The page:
February, 1988. A few years later when the kids were old enough we took a trip to Florida in January. WallyWorld. The high temps down there were in the mid 60's - low 70's and locals were not happy about it. That year on that week the temp was below zero in Chicago but not enough to get on the record books. Neener-neener. Our smugness soon wore off soon as we came home and were greeted by a major malfunction upon our arrival at our 70+ year old genuine Sears Roebuck house in Homewood. The neighborhood lost power that week for a few days. The house was cold when we opened the door and an unmistakeable aroma of rotting flesh was obvious. I noticed a runny puddle of red liquid that ran out from the refrigerator door. The powerless freezer could not support the frozen beef, chicken, pork and venison so it all thawed and began to rot. That's not all.


Going upstairs to the newly constructed bedroom/living space I stepped in a puddle of water. The pipe that delivered circulating hot water to the baseboard radiator system and heated the home had burst since the power loss was unable to run the boiler pump. The rotting flesh I could deal with but the burst copper tube was another matter. I drained the water from the system in the basement. We had three burst pipes in the second floor water circuit that leaked until I drained the system that evening. The rest of the family went to her parent's home for the night while I stayed and slept in my insulated coveralls, Sorel boots and neoprene gloves on the sofa near our blazing cast iron wood stove. The next day I called a local heating company to replace the copper pipe. Costly error. The lesson learned was to insulate all the upstairs pipes, which I did immediately after the repair work.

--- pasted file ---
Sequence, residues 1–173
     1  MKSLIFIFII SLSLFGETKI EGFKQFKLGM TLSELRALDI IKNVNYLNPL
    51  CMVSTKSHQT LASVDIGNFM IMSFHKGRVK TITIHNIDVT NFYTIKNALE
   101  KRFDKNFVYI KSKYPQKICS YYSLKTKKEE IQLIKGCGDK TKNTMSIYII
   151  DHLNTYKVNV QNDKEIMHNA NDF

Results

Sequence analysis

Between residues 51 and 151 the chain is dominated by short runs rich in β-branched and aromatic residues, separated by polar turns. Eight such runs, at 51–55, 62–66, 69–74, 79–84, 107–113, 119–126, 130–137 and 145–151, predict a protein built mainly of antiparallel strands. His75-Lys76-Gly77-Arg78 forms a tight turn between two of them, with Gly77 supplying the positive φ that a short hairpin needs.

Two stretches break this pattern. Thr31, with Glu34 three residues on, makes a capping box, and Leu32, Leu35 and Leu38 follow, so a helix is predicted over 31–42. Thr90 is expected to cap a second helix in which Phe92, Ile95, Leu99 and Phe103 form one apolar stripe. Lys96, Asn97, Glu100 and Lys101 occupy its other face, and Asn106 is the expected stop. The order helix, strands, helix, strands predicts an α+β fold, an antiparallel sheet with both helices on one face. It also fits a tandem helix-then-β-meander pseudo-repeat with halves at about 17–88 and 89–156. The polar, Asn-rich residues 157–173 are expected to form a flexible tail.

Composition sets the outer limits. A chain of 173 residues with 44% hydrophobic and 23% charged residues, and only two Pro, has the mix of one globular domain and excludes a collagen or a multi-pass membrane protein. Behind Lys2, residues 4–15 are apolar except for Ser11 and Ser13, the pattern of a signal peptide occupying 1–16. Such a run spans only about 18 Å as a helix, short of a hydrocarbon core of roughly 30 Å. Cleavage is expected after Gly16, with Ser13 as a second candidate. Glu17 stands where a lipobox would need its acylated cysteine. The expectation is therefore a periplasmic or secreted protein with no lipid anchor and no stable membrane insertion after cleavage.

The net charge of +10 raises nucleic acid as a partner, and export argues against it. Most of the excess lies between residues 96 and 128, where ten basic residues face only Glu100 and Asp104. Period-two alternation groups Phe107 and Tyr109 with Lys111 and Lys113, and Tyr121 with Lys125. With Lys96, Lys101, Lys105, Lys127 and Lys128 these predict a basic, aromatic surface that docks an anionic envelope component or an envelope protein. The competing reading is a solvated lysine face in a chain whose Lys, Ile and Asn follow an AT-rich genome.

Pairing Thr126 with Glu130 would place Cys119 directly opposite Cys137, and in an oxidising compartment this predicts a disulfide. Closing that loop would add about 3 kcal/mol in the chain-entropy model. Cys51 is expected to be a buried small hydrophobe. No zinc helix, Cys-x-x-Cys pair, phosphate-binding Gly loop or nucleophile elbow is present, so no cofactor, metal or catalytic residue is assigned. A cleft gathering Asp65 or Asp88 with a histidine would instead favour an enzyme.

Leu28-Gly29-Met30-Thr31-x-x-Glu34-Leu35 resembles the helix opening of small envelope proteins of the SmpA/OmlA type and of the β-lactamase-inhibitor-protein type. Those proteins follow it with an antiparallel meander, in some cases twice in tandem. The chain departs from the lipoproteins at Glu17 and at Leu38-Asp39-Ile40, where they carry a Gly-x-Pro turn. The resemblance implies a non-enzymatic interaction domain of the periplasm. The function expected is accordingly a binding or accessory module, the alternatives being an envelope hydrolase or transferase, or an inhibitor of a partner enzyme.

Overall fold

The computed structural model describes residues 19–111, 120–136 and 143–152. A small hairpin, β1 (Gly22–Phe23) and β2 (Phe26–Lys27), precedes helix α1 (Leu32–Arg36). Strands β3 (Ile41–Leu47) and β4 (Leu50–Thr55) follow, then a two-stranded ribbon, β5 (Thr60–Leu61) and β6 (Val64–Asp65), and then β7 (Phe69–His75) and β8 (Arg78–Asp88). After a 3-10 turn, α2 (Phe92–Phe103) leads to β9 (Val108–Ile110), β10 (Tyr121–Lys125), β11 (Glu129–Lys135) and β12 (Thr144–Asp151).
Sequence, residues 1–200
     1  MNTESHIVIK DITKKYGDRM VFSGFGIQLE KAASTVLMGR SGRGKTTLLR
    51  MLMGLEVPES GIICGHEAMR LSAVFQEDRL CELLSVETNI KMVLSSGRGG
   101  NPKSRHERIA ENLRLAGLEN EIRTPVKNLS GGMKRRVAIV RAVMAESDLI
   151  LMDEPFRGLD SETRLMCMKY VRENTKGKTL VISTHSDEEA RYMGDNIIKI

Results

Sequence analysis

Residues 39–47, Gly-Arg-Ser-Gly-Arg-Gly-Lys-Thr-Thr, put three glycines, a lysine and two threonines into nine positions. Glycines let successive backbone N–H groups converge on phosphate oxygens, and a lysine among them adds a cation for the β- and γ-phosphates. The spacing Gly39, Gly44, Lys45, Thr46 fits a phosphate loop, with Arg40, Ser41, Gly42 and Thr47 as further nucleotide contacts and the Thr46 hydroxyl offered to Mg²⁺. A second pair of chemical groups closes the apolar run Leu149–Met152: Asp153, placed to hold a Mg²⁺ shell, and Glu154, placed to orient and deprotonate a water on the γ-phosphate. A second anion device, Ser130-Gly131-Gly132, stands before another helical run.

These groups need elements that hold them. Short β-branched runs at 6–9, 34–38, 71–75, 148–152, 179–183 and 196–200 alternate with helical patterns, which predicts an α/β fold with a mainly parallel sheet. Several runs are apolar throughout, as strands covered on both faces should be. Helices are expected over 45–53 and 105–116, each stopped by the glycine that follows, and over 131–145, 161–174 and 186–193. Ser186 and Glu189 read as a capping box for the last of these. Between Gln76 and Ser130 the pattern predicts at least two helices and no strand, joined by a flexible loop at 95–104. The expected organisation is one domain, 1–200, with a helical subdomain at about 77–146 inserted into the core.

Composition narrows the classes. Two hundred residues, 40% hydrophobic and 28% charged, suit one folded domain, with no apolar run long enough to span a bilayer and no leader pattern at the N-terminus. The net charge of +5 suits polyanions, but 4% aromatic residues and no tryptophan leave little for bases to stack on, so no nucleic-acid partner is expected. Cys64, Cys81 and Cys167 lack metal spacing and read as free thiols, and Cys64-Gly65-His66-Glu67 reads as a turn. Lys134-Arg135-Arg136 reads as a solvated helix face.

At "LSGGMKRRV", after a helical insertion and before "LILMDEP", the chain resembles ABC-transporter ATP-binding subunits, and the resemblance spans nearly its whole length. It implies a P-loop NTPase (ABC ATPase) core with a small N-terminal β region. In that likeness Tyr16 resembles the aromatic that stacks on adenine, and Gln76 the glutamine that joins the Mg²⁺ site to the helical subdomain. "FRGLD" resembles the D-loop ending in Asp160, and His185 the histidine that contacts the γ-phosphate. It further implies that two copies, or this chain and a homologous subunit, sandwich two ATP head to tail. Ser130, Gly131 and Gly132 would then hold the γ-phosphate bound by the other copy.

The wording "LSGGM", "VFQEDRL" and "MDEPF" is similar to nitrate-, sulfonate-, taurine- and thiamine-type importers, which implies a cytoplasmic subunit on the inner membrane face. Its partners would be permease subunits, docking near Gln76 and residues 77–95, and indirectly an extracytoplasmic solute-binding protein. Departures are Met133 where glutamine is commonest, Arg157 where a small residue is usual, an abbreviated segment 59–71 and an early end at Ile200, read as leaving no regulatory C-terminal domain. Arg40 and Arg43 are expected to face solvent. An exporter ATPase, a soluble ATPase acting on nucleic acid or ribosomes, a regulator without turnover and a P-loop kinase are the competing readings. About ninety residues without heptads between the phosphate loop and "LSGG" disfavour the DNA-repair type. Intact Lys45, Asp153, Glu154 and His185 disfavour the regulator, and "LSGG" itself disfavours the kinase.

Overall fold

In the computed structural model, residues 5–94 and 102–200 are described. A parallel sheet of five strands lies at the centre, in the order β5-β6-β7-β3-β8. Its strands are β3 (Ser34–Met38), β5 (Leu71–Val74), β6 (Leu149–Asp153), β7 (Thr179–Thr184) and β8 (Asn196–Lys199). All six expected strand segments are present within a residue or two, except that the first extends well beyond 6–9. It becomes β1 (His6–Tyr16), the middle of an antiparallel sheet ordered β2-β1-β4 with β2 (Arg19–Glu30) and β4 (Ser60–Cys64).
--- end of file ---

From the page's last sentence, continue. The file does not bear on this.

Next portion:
January 18, 1994 was the first winter living in our new country bunker. A new home should be worry-free one would think. Our contractor joked that we may need to crack a window open in the winter since the windows and doors were so tightly sealed and insulated. "Just to get some fresh air in" he added. In addition the exterior is constructed with 2x6 lumber adding more insulation than a conventional 2x4 home. Reveling at the notion of low heating bills was enough for us to put our guard down. On Saturday, January 18 the early morning temps dipped to -21.


Our young son opened the upstairs bedroom door to awaken and inform me the water faucet in his bathroom was not working. Mumbling that I would look into it later I was suddenly jolted by a short shock to the central nervous system and jumped right out of bed. A pipe was frozen. Holy crap I thought, recalling the Homewood pipe episode. Sure enough the water worked everywhere in the entire home but in that one upstairs bathroom. As far as we could tell there were no bursts and no leaks. Immediately I called the contractor, Vern.

Vern was a local legend known for his quality built custom homes and reliability. After all this was why we chose him. He was a real character too. Since Vern was in the process of building other homes nearby he was proud of his reputation which was at stake every day he tooled around the area in his Ford F-150. Vern answered my call and was at our door within 30 minutes. He was astonished at my frozen pipe claim. He then discovered it was true. Vern took this occurrence as an assault to his reputation. He took it personal.